• Re:Logic works? (Score:5, Insightful)

      by RAMMS+EIN (578166) on Wednesday January 05, 2005 @01:28PM (#11265576) Homepage Journal
      In fact, the opposite has been proven. Gödel's incompleteness theorem states that a powerful enough system cannot prove its own consistency. This implies that you can make any number of proofs that are valid within your system, but you can never know if the system itself is valid. Or, as I like to say, the only thing you know for sure is that you never know anything for sure.

      Of course, the incompleteness theorem itself is derived by a system of which the validity is unknown...
  • First Post. (Score:3, Insightful)

    by LWATCDR (28044) on Wednesday January 05, 2005 @01:00PM (#11265111) Homepage Journal
    I believe in a kind and loving God. Keeping that belief is hard usualy because of the acts of man.
    Let the flames begin.
    • Re:First Post. (Score:4, Insightful)

      by Anonymous Coward on Wednesday January 05, 2005 @01:08PM (#11265228)
      Let the flames begin.

      You know what? Good for you!

      I'm an atheist myself, but I'm not going to try and convert you. Nor do I want you to convert me. I don't believe in UFO's, ghosts, fortune telling nor anything else supernatural.

      BUT! I believe that if people were a little bit more tolerant, the world would be a much better place.
    • by TrevorB (57780)
      I believe in a kind and loving God. Keeping that belief is hard usualy because of the acts of man.

      Or, occasionally, because of acts of nature.

      "It's all part of God's plan" my ass. This is all looking pretty random to me.

      (dons flame retardant suit)
    • Re:First Post. (Score:3, Insightful)

      by Hyecee (809818)

      I've haven't seen so many AC replies to a single posting before. Methinks people are scared to be associated with such a "controversial" topic.

      It's a shame the topic can't be approached more open-mindedly, as the parent was neither malicious or forceful. Whether you believe in a God or not, is the idea so black and white that people can't even maintain a healthy, respectful dialogue about it?

    • Re:Check the News- (Score:4, Insightful)

      by xtermin8 (719661) on Wednesday January 05, 2005 @01:32PM (#11265668)
      I find belief in a kind and loving God difficult because of events like the tsumani and the resulting suffering around some of the poorest areas in Asia and Africa. The acts of man, especially if one also believes in free will, doesn't afffect faith one way or another. Perhaps God is indifferent? That seems more of a challenge to me than disbeleiving God altogether.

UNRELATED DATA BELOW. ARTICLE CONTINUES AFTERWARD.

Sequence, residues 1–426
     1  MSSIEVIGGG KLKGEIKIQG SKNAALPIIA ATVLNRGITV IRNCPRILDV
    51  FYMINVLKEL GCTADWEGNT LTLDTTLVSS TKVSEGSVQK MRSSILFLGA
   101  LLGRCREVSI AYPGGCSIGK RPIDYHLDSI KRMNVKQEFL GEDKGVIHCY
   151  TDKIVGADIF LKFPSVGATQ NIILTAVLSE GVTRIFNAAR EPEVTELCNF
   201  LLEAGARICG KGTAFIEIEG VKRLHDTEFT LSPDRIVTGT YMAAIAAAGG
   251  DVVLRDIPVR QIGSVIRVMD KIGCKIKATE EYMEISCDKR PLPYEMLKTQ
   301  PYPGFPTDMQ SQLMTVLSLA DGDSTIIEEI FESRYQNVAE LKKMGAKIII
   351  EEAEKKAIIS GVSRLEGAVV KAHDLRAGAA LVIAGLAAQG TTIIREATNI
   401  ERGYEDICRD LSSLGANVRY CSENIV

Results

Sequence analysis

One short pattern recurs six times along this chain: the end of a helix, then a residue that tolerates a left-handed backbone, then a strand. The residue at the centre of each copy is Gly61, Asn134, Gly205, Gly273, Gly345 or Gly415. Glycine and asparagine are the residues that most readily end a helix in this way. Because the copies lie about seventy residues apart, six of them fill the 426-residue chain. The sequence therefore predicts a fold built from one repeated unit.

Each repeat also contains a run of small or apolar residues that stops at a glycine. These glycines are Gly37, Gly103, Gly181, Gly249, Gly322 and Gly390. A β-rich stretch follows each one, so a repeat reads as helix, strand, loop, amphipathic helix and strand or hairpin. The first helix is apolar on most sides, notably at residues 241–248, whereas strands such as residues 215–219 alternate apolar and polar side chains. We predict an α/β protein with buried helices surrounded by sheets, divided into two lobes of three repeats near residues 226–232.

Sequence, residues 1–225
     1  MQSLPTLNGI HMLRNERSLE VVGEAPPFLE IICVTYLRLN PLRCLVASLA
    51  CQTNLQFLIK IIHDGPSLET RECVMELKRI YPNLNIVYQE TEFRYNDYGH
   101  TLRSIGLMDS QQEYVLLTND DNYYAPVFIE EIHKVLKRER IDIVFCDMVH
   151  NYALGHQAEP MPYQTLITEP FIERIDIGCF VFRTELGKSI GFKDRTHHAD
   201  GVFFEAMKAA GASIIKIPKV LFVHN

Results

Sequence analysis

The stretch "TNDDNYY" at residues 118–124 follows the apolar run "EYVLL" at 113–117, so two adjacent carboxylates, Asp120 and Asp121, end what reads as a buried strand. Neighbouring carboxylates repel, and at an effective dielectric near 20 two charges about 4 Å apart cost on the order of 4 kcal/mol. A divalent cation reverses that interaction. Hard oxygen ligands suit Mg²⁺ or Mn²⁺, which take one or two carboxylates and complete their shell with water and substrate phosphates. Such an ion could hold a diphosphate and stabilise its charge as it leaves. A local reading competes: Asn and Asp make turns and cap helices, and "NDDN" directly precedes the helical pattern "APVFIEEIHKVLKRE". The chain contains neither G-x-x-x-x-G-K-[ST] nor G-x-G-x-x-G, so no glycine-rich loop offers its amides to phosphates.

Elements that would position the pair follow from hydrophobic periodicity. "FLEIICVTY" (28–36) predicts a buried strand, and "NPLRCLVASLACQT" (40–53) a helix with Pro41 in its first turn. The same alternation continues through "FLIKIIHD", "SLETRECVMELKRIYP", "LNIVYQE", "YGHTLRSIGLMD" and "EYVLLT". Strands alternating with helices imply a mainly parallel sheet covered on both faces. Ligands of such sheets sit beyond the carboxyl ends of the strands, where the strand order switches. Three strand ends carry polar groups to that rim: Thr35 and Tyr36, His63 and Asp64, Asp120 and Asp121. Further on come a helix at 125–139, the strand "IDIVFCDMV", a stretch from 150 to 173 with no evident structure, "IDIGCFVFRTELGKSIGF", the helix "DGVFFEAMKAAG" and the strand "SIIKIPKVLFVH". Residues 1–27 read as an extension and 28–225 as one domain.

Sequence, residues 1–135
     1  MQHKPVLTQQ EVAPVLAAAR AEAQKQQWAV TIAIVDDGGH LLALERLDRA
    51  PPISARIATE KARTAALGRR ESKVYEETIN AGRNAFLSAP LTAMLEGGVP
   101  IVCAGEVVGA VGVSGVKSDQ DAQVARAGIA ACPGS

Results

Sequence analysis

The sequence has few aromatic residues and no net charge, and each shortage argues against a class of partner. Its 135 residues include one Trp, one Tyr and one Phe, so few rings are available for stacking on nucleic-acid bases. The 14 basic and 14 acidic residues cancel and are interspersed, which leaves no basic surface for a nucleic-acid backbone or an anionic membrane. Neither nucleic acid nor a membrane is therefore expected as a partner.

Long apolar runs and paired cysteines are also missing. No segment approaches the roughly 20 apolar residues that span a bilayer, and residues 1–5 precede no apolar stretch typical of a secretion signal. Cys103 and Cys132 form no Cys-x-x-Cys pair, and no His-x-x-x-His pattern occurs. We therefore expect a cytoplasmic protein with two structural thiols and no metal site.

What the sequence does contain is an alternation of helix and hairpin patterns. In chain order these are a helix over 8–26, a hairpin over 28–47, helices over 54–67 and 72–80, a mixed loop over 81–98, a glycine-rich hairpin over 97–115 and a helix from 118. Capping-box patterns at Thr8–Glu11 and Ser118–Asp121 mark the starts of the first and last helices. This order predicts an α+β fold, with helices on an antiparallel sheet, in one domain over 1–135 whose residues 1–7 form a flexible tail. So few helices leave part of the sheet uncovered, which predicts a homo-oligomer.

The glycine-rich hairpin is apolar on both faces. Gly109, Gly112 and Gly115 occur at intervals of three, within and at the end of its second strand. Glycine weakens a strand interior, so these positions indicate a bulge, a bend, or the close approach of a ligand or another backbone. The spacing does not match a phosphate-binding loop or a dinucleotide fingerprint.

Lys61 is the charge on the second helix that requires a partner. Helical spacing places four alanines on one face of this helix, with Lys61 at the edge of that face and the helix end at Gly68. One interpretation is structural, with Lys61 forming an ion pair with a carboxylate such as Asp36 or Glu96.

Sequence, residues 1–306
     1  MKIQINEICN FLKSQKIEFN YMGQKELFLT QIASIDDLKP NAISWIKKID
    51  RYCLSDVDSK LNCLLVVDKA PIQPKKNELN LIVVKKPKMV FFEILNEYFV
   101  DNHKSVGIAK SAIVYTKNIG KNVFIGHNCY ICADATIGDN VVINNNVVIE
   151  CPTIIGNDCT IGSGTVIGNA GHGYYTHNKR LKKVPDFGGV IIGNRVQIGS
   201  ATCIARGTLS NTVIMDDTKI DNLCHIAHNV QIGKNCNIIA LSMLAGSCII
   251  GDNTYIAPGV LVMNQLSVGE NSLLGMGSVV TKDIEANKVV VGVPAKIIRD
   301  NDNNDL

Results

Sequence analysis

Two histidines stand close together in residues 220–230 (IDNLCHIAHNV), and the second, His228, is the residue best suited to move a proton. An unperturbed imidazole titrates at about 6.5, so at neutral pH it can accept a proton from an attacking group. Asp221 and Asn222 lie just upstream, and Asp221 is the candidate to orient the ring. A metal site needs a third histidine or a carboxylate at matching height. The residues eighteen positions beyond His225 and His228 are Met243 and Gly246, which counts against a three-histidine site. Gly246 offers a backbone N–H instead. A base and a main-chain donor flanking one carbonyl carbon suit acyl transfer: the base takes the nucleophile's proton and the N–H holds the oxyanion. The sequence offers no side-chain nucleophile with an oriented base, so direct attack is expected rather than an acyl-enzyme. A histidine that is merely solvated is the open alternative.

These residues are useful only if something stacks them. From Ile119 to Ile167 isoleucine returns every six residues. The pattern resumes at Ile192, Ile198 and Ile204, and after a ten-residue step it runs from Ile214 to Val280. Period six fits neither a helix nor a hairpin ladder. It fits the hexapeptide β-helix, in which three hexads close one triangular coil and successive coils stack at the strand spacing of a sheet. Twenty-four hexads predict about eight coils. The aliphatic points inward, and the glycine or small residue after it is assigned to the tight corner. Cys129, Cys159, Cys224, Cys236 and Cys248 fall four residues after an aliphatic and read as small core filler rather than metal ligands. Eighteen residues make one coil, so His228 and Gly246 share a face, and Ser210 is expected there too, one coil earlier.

• by geekpuppySEA (724733) on Wednesday January 05, 2005 @01:00PM (#11265118) Journal
    I don't, actually. I believe that they will eat me alive if I give them back their candy.
  • by thenerdgod (122843) on Wednesday January 05, 2005 @01:00PM (#11265123) Homepage
    "I'm a good writer"
  • Redundancy (Score:5, Insightful)

    by yahyamf (751776) on Wednesday January 05, 2005 @01:01PM (#11265130)
    "What Do You Believe Even If You Can't Prove It?"

    The question should be simply "What do you believe?" Because if something can be proven, the issue of belief does not arise. And only idiots believe what what is proven as false.

    • Re:Redundancy (Score:5, Insightful)

      by nebaz (453974) on Wednesday January 05, 2005 @01:09PM (#11265238)
      Even in Math, proof involves an agreed upon set of axioms, and an agreed upon set of operations to derive theorems. Without these common axioms, proofs are not proofs. In the real world, 'proof' is even harder to agree with consensus wise. Even sight and sound can be fooled by a clever magician, and hoaxes abound. I believe that science, done in a controlled and disinterested manner, will validate useful models of the universe, and reject others, but proof? What is proof? And the very idea of science, that is that controlled conditions yield predictable results is a base axiom, and if you disagree with that, what common discourse is there?
    • Re:Redundancy (Score:3, Insightful)

      by JaxWeb (715417)